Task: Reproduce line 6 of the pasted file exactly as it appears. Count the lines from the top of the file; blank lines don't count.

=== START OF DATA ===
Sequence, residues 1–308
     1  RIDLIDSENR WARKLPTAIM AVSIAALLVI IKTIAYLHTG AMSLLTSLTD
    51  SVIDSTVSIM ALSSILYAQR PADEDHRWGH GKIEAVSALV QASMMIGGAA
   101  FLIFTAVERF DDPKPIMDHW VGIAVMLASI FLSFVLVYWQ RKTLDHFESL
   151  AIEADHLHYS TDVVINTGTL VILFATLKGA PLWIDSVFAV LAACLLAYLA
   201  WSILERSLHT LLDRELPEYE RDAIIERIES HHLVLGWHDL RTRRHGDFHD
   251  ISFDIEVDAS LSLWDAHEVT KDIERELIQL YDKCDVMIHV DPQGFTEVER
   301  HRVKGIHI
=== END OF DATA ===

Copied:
   201  WSILERSLHT LLDRELPEYE RDAIIERIES HHLVLGWHDL RTRRHGDFHD